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Mac OS X has been rewritten from the ground up, and Mac OS X 10.6 Snow Leopard New Features highlights all of the most important and user-relevant aspects of this release. Experienced instructor and lifelong Mac user Garrick Chow introduces current Mac users to the improvements in the latest OS. While not a complete overhaul of the operating system, this update does address a fair number of internal systems and external user features. Garrick explores all of these updates, including enhancements to the Finder and the Dock and a completely revamped QuickTime player. He shows the wealth of improvements to built-in applications like Safari, Preview, iChat, and Mail, and explains the updated 64-bit support within Snow Leopard.
A feature I use a lot on my Mac Book Pro is OS X's ability to require a password when waking the computer from sleep or when deactivating the screen saver. This is a good first line of defense to prevent people from snooping on your computer when you stepped away for a second. Without the password, your screen remains locked. This feature has been refined in Snow Leopard and it's another welcome change. I occasionally put my Mac to sleep and then immediately change my mind and wake it up again only to have to enter my password. Or sometimes I will just walk away for a few minutes, my screen saver kicks in, and then I have to type my password again.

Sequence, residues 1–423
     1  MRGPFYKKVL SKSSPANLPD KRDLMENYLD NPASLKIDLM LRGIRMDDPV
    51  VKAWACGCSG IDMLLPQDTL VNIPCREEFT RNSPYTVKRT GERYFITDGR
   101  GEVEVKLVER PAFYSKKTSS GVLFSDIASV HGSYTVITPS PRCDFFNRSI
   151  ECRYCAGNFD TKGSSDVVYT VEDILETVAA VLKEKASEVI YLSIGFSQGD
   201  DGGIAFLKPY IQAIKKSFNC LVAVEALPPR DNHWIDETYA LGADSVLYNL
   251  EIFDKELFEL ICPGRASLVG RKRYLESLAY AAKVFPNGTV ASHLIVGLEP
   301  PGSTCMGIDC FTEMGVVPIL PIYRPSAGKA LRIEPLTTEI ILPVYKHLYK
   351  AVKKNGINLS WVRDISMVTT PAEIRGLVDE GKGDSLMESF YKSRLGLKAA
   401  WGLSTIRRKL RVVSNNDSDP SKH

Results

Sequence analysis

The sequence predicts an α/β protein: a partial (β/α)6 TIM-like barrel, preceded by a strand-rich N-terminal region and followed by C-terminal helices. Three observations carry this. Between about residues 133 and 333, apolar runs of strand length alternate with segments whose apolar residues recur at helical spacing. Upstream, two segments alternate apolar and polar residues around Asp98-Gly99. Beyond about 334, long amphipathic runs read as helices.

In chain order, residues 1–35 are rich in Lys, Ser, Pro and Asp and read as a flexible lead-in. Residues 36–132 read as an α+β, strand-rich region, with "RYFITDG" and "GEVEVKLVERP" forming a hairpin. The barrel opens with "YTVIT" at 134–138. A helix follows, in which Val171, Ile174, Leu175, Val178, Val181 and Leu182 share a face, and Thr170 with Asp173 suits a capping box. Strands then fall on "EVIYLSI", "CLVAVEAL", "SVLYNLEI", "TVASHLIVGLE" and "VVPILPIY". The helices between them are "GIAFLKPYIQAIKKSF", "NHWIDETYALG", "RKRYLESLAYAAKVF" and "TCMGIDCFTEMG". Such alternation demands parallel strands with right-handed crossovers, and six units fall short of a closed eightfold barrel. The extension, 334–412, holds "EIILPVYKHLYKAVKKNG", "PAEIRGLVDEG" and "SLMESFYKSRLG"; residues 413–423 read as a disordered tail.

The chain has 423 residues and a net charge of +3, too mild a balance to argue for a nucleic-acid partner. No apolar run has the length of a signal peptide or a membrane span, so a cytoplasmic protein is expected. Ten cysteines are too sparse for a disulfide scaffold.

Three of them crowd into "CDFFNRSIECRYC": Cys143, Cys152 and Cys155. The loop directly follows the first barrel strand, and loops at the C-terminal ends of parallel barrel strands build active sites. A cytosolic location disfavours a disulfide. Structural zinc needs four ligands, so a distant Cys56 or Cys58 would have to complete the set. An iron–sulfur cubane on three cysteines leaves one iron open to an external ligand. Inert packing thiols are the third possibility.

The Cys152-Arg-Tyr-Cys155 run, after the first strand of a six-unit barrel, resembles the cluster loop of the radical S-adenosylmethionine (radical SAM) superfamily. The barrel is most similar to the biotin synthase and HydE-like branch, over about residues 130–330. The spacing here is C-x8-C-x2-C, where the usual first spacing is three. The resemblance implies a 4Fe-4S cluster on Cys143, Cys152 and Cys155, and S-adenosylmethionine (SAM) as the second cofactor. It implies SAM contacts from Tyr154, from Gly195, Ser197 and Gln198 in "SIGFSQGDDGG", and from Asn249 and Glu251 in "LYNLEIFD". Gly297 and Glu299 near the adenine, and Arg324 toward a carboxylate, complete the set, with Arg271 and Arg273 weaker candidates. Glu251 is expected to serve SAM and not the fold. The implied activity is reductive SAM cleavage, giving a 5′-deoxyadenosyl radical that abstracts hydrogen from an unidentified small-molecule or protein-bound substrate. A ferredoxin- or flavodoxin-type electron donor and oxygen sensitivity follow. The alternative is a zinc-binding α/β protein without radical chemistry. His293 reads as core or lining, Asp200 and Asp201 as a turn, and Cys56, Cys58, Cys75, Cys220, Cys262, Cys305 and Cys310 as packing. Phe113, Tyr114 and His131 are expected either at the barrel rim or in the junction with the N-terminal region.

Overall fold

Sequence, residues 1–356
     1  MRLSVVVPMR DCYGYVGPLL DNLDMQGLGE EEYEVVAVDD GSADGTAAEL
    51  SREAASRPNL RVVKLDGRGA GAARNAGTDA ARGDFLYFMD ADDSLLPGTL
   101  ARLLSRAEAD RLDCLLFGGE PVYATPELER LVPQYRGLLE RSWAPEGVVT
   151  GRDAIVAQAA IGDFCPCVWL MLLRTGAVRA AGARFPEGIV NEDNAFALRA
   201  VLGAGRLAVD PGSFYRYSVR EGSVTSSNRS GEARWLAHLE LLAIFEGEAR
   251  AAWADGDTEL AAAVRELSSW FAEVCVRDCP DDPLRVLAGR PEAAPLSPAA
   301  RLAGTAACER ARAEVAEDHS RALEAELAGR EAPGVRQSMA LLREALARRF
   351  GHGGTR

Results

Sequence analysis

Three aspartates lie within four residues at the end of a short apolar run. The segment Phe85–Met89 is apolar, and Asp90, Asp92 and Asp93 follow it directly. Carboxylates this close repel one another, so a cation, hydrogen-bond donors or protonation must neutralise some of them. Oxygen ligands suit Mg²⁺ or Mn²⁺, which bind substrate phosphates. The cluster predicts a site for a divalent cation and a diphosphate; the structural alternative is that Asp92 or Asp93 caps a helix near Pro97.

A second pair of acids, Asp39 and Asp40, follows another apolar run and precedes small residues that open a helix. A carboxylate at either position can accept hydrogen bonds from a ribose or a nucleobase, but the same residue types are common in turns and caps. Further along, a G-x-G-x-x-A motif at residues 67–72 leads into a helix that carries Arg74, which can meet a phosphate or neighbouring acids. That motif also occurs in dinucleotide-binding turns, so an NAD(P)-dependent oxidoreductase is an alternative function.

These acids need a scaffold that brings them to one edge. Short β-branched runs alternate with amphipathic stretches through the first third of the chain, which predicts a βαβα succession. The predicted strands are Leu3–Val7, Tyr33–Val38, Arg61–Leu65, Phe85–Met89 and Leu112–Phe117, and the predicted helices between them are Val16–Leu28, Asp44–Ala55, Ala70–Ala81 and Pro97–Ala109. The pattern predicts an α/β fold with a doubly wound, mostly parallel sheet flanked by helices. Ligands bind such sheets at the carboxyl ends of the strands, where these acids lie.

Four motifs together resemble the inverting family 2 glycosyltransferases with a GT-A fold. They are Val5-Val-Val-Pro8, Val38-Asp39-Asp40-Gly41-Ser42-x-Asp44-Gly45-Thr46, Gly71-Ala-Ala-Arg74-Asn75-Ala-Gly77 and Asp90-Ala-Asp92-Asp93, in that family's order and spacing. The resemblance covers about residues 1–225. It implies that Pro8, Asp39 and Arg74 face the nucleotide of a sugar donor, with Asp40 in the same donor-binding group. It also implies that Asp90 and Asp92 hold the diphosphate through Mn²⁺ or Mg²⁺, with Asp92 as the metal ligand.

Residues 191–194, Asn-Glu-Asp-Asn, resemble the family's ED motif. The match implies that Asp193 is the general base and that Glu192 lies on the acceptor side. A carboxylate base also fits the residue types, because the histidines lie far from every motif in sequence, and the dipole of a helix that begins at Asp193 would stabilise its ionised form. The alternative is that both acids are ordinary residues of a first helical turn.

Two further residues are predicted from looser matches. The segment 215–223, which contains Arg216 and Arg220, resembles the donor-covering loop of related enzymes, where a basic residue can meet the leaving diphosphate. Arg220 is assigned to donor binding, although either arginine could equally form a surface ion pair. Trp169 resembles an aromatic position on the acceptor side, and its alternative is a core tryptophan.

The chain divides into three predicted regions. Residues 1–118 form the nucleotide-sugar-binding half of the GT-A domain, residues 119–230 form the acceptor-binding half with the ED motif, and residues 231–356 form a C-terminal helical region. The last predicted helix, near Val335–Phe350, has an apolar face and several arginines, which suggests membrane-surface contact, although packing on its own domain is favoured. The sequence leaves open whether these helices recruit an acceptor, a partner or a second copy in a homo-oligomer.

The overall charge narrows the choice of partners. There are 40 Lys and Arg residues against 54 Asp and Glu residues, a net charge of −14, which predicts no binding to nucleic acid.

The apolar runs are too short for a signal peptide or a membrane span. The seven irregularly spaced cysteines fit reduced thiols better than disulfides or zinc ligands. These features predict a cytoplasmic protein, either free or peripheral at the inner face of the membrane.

So I was happy to see that in Snow Leopard you can now configure a set amount of time to pass before your Mac requires a password. This option is still found in the same place as before, under Security Preferences. As with Leopard, you just need to check Require password, but here in Snow Leopard you now have a menu to select the delay time before your Mac will require password. Now personally I don't use screen savers much anymore, but I do often close my Mac Book and then immediately remember I have something else I need to do and then open it again. So by choosing say a minute, if I do put my Mac to sleep by accident I could just wake it up again and not be bothered to enter my password, but if I leave it sleeping for more than a minute I or anyone else who wakes it up will have to enter a password to unlock the screen.
Or for another example, if you know it takes you about three minutes to grab a cup of coffee down the hall and your screen saver kicks in after two minutes of inactivity, just set your password delay to five minutes. Notice you can take this all the way up to four hours of delay before the password is required if you need to. So it's convenient to be able to delay the password requirement if you want the security of being able to lock your screen but don't want to have to enter your password when your Mac is only been sleeping or on screen saver for just a few moments.
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